04 Oct 50 years since humans first stepped on the moon
Last week, the world celebrated 50 years since humans first stepped on the moon. What a remarkable achievement- navigating the unknown to reach new frontiers and new horizons.
Back on planet earth, I felt that energy of the ‘new’ and of ‘change’ as I attended three very different museum conferences between the end of May and June. The overwhelming message that I took from these forums is that museums are navigating new frontiers and embracing the new.
I was privileged to represent ICOM at the American Alliance of Museums conference in New Orleans in late May. Out of the many excellent sessions, two moments stand out. One was a presentation from the Art Gallery of Ontario in Canada on their critically-acclaimed ‘Anthropocene’ exhibition which used photographs, film and augmented reality to reveal the scale and gravity of human impact on our planet. The second was a visit to an exhibition at the Newcomb Art Museum of Tulane University which described a different type of impact. In this case, where the incarceration of women in Louisiana prisons (significantly higher than the national average) with lengthy sentences for often petty crimes, has wrenching impacts on them and their families.
From New Orleans to Cambridge in the UK where I chaired a panel on ‘How 3D can shape our experiences in museums’ at the 3D in Museums Conference. This conference was part of an Arts and Humanities Research Council (AHRC) Creative Economy grant exploring the emerging use of 3D technology in museums. Linking digital with heritage, it brought together industry innovators with the University of Cambridge and the Fitzwilliam Museums.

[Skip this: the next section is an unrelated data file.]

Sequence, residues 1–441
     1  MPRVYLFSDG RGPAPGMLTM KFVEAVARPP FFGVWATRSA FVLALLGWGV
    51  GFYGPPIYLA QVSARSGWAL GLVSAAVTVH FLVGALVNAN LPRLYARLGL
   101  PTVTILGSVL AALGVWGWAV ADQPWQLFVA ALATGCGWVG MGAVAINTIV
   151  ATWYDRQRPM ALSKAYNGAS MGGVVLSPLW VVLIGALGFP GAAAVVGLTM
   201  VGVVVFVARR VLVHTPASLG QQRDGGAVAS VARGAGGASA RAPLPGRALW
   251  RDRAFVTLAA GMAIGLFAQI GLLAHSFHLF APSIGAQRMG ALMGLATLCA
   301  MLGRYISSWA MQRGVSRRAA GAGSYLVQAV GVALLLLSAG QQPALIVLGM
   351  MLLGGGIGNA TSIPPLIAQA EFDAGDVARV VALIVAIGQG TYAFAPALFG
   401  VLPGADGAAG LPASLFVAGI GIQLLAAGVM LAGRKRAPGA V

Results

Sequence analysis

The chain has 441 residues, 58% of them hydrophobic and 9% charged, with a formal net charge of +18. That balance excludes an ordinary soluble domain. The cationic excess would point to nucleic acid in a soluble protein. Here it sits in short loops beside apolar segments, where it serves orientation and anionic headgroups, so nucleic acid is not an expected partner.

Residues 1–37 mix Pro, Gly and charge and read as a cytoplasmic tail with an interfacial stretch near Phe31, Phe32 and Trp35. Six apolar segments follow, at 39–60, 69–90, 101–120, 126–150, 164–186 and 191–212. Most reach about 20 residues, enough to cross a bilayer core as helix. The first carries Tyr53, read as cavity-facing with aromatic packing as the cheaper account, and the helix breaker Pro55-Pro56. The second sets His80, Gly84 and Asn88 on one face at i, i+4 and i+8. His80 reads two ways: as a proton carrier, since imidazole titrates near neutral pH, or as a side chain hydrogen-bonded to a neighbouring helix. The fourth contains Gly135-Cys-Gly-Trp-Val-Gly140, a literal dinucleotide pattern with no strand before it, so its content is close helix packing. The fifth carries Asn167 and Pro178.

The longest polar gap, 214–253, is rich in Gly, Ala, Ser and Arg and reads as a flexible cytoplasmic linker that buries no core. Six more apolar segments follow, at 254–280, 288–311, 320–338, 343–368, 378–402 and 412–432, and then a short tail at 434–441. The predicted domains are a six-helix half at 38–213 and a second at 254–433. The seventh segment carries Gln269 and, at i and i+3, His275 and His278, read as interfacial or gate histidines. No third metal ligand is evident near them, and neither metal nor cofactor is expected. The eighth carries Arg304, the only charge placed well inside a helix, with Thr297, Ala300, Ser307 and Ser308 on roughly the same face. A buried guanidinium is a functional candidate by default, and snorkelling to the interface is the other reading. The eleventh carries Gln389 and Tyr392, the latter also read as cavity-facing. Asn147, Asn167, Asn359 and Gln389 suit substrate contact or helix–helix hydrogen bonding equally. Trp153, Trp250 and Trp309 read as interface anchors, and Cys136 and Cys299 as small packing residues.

And then- on to the MuseumNext conference in London which was ‘all about change’. A lively programme addressed the practice of change: ‘Taking Risks’, ‘Working through Change’, ‘How to be more Pirate!’ and ‘How Fast can Change Happen?’, etc.
What did I take-away from all of this? Museum change is advancing on all fronts –in exhibition delivery, in presenting unresolved social issues as the subjects of exhibitions and in embracing change-practice. The overarching rubric is that ‘change is good’.
But, in the midst of this exciting forward-motion, let’s also pause and ask our audiences how they feel about the changes that are occurring in museums. Rather soberingly, when MuseumNext asked 1000 people in the US, ‘do you believe that museums should have something to say about social issues?’ only 27.5% of respondents said Yes; 31% said No and 40.5% said Maybe. When BritainThinks (2013) undertook research for the Museums Association in the UK, they found that taking a stand on social issues was associated with being ‘political’ and undermining the valued neutrality of museums.
We need to bring the public along with us on this journey, drilling down to find out what perceptions, knowledge and attitudes the public bring to exhibitions with a social agenda and how they feel about museums embracing a social role. And- in this era when we talk a lot about co-production, let’s not forget that co-production can be about more than projects and programmes. We can engage the public in decision-making about the new directions that museums are taking and the best ways to achieve change.